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CNN's 'Chicagoland' Sets The Stage For A Promisingly Complicated Look At Chicago

By Tankboy in Arts & Entertainment on Mar 5, 2014 7:00PM


Chicago is certainly experiencing a shining moment of being featured on mainstream television lately. And this is made even sweeter since the shows airing are, for the most part, actually filmed here. However despite this renaissance it's hard for Hollywood to get the city right so it's nice that the latest show profiling the city, Chicagoland, goes a long way to getting it right. The eight-part unscripted series—produced by Robert Redford, Laura Michalchyshyn, Marc Levin and Mark Benjamin—brings a documentary lens to events in Chicago over the last year or so, and instead of a simplistic snapshot, it appears Chicagoland will allow the series room to actually delve into complex issues.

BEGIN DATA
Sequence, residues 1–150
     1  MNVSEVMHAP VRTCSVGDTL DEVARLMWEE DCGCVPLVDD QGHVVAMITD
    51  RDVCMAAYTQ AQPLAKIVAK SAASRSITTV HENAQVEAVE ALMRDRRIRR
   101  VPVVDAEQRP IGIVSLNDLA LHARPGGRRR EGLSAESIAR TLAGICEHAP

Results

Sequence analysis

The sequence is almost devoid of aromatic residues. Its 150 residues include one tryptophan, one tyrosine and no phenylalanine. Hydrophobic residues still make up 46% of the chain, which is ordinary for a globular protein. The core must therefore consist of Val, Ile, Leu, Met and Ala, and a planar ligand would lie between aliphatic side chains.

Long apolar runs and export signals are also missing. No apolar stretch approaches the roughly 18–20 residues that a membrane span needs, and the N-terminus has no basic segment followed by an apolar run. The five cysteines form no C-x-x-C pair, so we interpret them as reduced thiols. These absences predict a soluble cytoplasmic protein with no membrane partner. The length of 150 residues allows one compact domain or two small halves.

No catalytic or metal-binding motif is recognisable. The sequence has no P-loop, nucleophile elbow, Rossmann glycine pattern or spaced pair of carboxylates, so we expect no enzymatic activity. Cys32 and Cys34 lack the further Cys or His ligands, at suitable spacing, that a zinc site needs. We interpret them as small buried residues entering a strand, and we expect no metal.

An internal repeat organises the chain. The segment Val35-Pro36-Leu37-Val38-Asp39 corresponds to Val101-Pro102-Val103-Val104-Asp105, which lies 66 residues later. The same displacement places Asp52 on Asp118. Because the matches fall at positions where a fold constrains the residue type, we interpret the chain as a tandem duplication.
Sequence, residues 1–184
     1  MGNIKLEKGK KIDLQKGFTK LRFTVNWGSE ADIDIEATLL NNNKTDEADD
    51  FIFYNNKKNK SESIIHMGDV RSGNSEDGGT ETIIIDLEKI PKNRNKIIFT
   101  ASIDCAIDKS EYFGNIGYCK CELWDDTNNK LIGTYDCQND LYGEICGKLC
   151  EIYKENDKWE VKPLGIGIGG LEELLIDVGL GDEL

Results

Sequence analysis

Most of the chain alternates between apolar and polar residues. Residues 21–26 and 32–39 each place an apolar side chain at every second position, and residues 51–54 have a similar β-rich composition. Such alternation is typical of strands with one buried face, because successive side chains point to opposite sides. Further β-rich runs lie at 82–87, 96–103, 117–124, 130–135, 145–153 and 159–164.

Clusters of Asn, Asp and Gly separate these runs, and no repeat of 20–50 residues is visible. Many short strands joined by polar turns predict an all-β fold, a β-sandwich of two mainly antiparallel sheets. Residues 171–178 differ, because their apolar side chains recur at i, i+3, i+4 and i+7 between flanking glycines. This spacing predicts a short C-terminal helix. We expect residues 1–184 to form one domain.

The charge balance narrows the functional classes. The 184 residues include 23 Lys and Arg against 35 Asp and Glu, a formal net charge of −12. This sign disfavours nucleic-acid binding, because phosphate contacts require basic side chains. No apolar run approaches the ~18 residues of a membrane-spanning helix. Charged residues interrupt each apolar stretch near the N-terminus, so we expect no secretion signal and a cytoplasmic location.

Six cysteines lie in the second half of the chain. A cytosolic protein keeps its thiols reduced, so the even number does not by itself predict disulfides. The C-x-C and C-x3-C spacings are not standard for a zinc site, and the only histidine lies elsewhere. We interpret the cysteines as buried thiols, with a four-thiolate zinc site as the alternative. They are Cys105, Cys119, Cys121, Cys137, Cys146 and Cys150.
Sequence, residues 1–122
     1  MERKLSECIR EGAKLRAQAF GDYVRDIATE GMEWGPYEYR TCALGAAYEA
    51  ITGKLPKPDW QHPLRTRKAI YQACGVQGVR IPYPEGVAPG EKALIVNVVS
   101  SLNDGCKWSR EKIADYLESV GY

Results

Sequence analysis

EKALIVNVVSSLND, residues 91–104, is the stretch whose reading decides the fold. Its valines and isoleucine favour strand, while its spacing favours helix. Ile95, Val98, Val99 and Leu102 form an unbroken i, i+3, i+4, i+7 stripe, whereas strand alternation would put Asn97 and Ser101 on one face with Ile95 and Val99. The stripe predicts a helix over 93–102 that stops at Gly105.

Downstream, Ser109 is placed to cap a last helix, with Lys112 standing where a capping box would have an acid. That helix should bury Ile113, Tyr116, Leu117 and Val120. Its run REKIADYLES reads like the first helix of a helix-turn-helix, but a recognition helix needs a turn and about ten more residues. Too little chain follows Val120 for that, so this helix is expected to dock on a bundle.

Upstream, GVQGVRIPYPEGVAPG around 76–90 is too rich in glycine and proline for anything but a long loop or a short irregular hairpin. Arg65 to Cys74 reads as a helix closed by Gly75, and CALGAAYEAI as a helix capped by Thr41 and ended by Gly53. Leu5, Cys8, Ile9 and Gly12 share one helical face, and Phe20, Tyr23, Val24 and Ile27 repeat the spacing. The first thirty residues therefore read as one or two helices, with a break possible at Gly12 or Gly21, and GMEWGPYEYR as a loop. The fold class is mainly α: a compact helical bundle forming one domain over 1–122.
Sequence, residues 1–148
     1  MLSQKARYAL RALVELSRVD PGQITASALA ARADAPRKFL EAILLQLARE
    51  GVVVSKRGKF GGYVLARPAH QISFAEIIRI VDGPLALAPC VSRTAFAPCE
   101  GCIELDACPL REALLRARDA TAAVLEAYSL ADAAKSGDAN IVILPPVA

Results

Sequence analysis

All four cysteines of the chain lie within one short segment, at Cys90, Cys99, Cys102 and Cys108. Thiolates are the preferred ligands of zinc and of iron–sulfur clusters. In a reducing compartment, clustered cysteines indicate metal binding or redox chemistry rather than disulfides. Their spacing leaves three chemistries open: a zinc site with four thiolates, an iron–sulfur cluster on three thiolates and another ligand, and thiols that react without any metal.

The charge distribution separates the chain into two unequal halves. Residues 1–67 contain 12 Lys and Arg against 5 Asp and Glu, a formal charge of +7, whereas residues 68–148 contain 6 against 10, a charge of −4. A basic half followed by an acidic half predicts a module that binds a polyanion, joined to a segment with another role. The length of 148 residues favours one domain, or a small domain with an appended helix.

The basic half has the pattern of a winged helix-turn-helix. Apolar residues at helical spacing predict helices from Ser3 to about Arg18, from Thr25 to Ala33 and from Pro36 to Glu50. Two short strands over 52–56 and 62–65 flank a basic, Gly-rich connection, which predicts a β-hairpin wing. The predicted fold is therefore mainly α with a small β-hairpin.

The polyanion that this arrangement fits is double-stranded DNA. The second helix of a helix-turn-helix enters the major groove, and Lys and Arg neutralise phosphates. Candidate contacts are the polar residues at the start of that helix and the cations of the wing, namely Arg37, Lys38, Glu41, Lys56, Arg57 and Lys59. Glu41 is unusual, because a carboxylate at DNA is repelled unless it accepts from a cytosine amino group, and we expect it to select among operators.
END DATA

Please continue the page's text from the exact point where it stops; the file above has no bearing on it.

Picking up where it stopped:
This means some viewers will be thrown into an apoplectic rage when they see Rahm Emanuel presented as a big city mayor tasked with a complex set of issues plaguing his town and not simply a despot surfing on the shoulders of the little guy. It seems the mayor's office gave filmmakers extensive access to the mayor and his staff, so we get an unusually robust picture of the man and this includes some moments more telling than others. Of course we have scenes of Emanuel solidly sure of himself and it's interesting to see how calm he is when he believes in the path he's chosen. But then there's scene that starts off sweetly, showing the mayor's more tender side as he plays peek-a-boo through a door with some grade school children, but then launches into an awkwardly told story of how he lost part of one of his finger that's meant as cautionary tale but comes off as just weird.